Which may be the problem. Though no one says it, one wonders if the residency issue is one in which some whites only feel comfortable living in predominantly white areas.

Anthony Nickerson, an African American firefighter who lives on the Cleveland-Shaker border, says it is less a racial issue than an economic one. Because city employees are in a captive housing market, they often end up in bidding wars with each other for houses in the best neighborhoods. Indeed, a house in the northeast corner of Cleveland was recently appraised at $93,000; the owner expects to fetch $120,000.

"We're looking for a house now, and it's tremendously tough because of the restrictions," says Nickerson. "We want to live in an area that is safe, has good schools, and is a nice place to raise a family. I'd like to give my son the opportunity for a better school system, and I cannot, because the city is holding me hostage for tax purposes."

Nickerson, who works at the fire station at East 131st Street, also dismisses the argument that employees are better at their jobs if they live in the city they serve. He notes that a city employee can work on the West Side and live 30 minutes away on the East Side, but not five minutes away in Lakewood. "Half the firefighters at my station live in West Park."

DeVito points out that Cleveland police officer Robert Clark, who was killed in the line of duty in 1998, lived outside the city limits in violation of the city policy so his extended family could help care for his children. "Here's a guy who gave his life for the job, paid the ultimate price. You do your job. It doesn't matter where you live."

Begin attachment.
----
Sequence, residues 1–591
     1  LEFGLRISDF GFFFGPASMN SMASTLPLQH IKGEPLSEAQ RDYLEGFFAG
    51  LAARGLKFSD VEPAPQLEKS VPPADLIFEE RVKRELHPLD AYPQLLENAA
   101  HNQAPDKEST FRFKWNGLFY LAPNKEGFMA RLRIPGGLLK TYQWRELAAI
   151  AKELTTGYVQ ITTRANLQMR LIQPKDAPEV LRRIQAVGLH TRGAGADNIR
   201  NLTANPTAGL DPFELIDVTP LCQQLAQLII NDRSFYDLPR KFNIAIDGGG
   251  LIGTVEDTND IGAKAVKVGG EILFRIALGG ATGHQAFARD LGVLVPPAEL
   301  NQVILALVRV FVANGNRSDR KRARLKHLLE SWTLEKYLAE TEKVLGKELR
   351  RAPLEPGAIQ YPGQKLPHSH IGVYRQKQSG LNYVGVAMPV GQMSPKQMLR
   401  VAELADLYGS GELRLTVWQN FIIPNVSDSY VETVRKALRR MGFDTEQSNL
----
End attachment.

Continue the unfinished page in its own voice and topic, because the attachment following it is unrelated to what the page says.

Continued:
City Council President Mike Polensek's ward has the highest number of city employees on the East Side. Polensek says eight city employees live on his street alone, including police officers, a building inspector, and a traffic engineer. A father of five, Polensek says he, too, empathizes with the city workers because of the schools, but says they knew "the rules of engagement" when they took the job.

"I know no one wants to hear this, but no one is forcing them to be city employees. If you feel it's a detriment working for the city because of where you have to live, there's an easy option for you. You can leave," Polensek says. "There's no chain and ball on anyone."